School districts throughout California are largely failing to ensure civics lessons are included in the educational programs of K-12 schools, raising concerns that kids are growing up with little or no appreciation of what it means to be a citizen of the United States, according to a report released Thursday by researchers at UCLA and UC Riverside.
The researchers conducted surveys and analyses that culminated in the report, titled “Reclaiming the Democratic Purpose of California’s Public Schools.” It’s part of the Leveraging Equity & Access in Democratic Education — LEADE — Initiative supported by UCR and UCLA.
They found that 87% — seven of every eight — school districts surveyed in California failed to include any mention of “civics, citizen, citizenship or democracy” in online literature, reflecting the lack of interest and resources dedicated to such programs.
In fact, the authors confirmed that of the 31 districts sampled, only 29% had a single administrator or staffer assigned to “history and social sciences.”
“In contrast, 71% had at least one dedicated staff person in English Language Arts, while 55% had at least one in math, and 58% had at least one in science,” the report stated.
Additional findings revealed 41% of districts said nothing about the social purpose of education, and only 44% vaguely mentioned the need to help students develop socially, saying virtually nothing about “civic or political development.”
Civics is focused on government, including defining how the various branches of it function, with what powers they’re invested, and how they’re limited by protections and mechanisms granted to citizens through the Bill of Rights and the voting booth.
“As John Dewey put it, `Democracy has to be born anew every generation, and education is its midwife,”’ UCLA education professor John Rogers said. “Throughout American history, public schools have been charged with preparing youth for (civic) participation … But as recent events and our research make all too clear, when it comes to fulfilling the democratic purposes of schooling, we are falling far short.”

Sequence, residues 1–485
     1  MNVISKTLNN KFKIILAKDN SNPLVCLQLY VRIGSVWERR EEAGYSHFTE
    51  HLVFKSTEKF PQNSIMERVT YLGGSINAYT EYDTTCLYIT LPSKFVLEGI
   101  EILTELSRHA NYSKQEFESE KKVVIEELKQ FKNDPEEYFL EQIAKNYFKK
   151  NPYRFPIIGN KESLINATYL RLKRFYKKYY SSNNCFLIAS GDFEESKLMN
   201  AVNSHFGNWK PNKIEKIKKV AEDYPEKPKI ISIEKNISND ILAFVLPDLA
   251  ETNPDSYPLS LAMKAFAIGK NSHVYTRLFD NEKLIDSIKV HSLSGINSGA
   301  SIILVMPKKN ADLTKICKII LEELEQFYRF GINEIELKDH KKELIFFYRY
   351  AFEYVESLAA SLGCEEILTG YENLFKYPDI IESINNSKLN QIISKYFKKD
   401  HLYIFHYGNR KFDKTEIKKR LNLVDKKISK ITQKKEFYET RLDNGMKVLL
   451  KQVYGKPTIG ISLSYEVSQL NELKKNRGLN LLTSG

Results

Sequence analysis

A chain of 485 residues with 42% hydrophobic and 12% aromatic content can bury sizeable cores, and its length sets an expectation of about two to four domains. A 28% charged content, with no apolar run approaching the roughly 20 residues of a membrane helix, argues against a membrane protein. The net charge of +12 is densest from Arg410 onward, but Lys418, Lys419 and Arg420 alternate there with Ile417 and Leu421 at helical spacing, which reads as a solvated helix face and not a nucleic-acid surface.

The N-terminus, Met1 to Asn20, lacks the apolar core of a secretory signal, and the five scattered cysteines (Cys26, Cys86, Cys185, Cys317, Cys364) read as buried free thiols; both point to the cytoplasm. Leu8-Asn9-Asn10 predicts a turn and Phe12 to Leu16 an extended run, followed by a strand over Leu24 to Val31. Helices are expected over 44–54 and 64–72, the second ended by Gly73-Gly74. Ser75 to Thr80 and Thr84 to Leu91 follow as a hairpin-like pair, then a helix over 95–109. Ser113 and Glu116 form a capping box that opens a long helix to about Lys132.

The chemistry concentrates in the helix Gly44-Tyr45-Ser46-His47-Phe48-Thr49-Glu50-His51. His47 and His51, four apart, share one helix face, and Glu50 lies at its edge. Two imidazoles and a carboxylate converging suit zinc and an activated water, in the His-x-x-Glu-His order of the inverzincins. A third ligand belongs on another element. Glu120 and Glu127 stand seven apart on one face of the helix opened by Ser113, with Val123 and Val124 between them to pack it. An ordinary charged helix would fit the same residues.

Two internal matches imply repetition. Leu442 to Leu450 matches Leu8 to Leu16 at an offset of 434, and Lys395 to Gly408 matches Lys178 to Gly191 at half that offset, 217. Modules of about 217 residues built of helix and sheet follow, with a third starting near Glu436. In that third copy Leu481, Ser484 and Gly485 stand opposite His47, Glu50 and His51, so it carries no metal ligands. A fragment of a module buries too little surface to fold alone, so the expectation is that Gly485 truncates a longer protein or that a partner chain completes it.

Without more emphasis on civics in each district’s Local Control & Accountability Plans, which establish goals every academic year, the risks of turning out ever greater numbers of students with no grasp of what civic activism means continue to grow, according to the researchers.
“Our analysis suggests that more than five million of California’s six million students attend schools in districts that do not articulate a substantial focus on civic education,” said Erica Hodgin, co-director of the Civic Education Research Group at UCR. “It is also clear that few districts have staff tasked with supporting civics, history and social science compared with staff supporting other academic areas.”
The one silver lining in the report was the fact that districts now have an incentive to promote civics in order to receive statewide recognition under the State Seal for Civic Engagement.
The California State Board of Education in September approved establishing the award, aiming to promote “excellence in civic learning, participation in civics-related projects, contributions to community and an understanding of the United States Constitution (and) the California Constitution.”
“It is time to reclaim the democratic purposes of public education in California,” said Joe Kahne, a UCR professor of education policy. “The good news is, research shows that providing learning opportunities for discussion, analysis and informed civic action deepen both understanding and civic commitments.”
The full report can be found at centerx.gseis.ucla.edu/leade/reclaiming-the-democratic-purpose-of-californias-public-schools/ .
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